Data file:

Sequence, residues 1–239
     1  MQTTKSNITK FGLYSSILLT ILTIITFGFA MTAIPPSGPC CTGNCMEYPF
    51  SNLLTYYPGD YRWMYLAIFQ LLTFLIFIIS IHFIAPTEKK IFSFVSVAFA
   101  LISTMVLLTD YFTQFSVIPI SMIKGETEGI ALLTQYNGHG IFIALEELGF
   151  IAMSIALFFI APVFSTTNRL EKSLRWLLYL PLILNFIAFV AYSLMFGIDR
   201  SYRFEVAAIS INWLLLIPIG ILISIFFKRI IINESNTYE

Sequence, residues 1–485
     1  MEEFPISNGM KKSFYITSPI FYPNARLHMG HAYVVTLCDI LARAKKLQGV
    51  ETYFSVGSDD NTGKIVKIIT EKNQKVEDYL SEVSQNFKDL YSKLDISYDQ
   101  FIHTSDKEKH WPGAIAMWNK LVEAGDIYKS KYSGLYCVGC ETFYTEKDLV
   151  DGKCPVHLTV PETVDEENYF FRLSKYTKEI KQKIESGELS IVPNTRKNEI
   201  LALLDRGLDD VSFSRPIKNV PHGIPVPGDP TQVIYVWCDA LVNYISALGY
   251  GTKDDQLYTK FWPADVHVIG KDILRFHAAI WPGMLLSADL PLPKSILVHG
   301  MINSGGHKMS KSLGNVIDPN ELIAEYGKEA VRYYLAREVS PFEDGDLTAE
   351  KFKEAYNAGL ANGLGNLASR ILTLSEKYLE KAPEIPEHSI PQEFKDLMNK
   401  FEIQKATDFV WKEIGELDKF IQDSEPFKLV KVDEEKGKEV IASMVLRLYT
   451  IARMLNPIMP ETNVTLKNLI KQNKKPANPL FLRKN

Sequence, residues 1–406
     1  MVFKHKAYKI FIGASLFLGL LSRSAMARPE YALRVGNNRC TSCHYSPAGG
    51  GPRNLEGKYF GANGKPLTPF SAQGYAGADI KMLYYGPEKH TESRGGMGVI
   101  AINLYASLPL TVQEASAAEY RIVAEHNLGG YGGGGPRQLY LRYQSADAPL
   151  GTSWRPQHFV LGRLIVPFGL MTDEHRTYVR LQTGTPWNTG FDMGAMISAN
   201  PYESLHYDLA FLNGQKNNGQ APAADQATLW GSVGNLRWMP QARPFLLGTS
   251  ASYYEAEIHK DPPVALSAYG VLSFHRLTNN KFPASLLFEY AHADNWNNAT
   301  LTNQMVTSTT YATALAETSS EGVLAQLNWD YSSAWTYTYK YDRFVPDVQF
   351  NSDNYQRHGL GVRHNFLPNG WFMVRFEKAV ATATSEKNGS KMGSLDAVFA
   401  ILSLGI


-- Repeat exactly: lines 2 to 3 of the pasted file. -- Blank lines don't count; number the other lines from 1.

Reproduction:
     1  MQTTKSNITK FGLYSSILLT ILTIITFGFA MTAIPPSGPC CTGNCMEYPF
    51  SNLLTYYPGD YRWMYLAIFQ LLTFLIFIIS IHFIAPTEKK IFSFVSVAFA